[tor-dev] Why the limited HW engine algos in crypto.c?

Joshua Datko jbdatko at gmail.com
Mon Oct 28 15:46:58 UTC 2013

Why is there a limited set of OpenSSL engine algorithms chosen in crypto.c
(code below)?

log_engine("RSA", ENGINE_get_default_RSA());
log_engine("DH", ENGINE_get_default_DH());
log_engine("RAND", ENGINE_get_default_RAND());
log_engine("SHA1", ENGINE_get_digest_engine(NID_sha1));
log_engine("3DES", ENGINE_get_cipher_engine(NID_des_ede3_ecb));
log_engine("AES", ENGINE_get_cipher_engine(NID_aes_128_ecb));

Crypto hardware may be able to support various modes/key sizes and I would
have thought one would want to support the algorithms allowed in TLS from
the tor spec (MUST support SSL_DHE_RSA_WITH_3DES_EDE_CBC_SHA and SHOULD

Also, I was a bit surprised to see ECB mode.  Is it true that ECB, when
used as a stream generator, is equal to CTR mode?  ECB mode is not
mentioned in the spec and after some digging, I found a reference to it [1]
for encrypting at most one block length of data in the header.

To rephrase the opening question, it appears, by my limited review, that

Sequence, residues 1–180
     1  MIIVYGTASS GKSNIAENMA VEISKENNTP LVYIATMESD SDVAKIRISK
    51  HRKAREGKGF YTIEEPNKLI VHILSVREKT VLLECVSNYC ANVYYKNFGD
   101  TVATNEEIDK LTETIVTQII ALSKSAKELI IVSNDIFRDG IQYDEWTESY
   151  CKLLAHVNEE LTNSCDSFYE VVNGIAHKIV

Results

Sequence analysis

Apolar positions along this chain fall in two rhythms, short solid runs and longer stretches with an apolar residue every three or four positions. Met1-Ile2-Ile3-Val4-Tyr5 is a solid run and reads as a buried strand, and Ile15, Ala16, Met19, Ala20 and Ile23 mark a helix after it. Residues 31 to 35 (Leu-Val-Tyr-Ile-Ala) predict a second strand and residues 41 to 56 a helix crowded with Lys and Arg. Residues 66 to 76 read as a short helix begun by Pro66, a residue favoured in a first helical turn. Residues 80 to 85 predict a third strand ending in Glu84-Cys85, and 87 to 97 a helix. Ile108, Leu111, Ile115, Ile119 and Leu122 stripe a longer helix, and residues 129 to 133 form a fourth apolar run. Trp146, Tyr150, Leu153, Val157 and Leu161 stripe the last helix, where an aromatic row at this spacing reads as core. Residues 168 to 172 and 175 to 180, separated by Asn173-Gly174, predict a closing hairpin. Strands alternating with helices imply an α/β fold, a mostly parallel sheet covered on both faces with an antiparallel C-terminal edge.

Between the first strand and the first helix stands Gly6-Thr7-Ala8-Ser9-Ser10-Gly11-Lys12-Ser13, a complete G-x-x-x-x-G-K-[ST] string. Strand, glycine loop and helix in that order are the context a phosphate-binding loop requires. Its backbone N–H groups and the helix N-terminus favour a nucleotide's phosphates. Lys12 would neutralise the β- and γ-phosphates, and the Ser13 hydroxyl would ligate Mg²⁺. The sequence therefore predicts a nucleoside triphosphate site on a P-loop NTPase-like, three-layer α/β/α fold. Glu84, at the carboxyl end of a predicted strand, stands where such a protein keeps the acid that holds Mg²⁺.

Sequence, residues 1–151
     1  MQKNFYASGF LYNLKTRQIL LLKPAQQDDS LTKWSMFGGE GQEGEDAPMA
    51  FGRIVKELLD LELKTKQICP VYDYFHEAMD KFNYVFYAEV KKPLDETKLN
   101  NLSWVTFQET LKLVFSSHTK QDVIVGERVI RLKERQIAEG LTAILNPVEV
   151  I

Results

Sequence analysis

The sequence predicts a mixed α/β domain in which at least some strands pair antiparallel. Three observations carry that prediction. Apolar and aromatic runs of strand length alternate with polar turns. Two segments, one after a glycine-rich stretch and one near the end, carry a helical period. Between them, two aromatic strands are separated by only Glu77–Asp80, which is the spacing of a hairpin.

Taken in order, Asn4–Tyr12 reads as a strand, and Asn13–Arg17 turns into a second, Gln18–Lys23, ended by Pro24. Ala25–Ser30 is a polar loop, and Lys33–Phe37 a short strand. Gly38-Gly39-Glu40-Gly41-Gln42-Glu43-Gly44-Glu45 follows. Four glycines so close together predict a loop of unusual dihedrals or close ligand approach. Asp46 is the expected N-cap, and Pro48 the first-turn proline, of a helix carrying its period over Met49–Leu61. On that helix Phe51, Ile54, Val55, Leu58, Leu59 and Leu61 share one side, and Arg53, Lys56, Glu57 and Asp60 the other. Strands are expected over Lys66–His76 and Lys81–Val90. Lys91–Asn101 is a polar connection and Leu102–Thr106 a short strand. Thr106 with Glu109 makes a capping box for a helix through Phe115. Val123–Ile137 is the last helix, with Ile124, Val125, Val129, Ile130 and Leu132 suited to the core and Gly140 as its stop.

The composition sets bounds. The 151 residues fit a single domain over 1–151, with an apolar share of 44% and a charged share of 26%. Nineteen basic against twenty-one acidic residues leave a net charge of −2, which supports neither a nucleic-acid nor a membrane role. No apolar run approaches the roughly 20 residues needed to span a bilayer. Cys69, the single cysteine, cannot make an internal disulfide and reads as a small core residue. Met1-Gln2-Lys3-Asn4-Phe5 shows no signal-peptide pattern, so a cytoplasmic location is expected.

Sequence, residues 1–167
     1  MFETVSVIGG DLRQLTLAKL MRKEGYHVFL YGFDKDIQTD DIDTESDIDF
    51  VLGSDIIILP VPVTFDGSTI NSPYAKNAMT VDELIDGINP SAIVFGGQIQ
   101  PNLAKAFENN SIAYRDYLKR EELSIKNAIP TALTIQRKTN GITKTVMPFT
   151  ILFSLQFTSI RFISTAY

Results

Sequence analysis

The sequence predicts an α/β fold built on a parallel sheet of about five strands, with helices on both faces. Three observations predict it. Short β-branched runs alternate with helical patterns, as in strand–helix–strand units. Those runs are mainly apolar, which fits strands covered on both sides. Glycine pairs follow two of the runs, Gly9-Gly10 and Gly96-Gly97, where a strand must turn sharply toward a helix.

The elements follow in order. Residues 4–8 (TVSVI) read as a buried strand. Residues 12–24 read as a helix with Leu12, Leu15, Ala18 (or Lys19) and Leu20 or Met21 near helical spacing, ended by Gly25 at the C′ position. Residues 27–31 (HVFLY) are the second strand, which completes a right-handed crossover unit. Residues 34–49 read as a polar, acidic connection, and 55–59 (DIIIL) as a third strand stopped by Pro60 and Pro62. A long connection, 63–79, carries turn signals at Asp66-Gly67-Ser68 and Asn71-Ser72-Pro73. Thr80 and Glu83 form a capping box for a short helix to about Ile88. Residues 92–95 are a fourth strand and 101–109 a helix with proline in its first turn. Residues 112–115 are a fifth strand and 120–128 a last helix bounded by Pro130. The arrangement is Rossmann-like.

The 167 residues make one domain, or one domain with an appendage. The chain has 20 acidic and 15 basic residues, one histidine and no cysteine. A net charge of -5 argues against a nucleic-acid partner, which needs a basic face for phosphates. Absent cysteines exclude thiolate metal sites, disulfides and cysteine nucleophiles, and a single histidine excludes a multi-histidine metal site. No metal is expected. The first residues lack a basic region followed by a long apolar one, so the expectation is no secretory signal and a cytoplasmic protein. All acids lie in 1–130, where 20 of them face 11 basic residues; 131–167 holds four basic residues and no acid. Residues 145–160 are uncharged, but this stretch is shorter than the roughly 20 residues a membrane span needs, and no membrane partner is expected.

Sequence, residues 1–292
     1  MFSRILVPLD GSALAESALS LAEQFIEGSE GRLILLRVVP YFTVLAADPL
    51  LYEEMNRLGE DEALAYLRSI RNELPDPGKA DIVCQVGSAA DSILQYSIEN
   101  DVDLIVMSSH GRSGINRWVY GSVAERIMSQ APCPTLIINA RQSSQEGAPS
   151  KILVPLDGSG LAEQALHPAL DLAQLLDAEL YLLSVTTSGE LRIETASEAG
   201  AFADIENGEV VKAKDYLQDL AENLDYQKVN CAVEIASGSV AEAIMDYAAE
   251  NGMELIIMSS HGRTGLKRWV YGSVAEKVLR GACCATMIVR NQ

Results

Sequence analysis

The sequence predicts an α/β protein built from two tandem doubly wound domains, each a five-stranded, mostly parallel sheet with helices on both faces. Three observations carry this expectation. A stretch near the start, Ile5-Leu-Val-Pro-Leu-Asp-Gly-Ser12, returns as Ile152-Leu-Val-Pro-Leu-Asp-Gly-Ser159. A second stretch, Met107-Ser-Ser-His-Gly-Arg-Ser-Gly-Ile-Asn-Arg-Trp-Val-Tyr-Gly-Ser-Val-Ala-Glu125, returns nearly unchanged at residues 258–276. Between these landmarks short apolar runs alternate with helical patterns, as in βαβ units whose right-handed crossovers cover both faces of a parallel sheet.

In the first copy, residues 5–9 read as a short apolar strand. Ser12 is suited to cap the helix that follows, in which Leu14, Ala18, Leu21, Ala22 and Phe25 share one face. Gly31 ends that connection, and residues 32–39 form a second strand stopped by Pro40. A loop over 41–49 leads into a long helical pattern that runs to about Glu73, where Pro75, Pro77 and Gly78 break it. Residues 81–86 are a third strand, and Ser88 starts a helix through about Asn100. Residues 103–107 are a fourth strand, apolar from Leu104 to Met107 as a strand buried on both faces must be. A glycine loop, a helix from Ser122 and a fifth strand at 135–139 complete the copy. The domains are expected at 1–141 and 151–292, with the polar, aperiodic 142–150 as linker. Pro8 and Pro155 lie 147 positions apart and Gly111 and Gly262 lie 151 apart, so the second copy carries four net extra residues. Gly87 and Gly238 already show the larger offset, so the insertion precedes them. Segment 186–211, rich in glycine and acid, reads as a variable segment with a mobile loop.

there is support for only a subset of the algorithms that Tor uses; what
are the implications of increasing this support?



[1] https://lists.torproject.org/pipermail/tor-commits/2012-July/044878.html

p.s. My motivation for this question is that I'm trying to optimize the
performance of the TI AM335X for use on the BeagleBone Black.  While it
can't compete with high end servers, it appears to hold its own behind a
home network.  Unfortunately, the processor doesn't support any asymmetric
algorithms, which would help in circuit creation, but it does support
various flavors of AES as well as SHA1.
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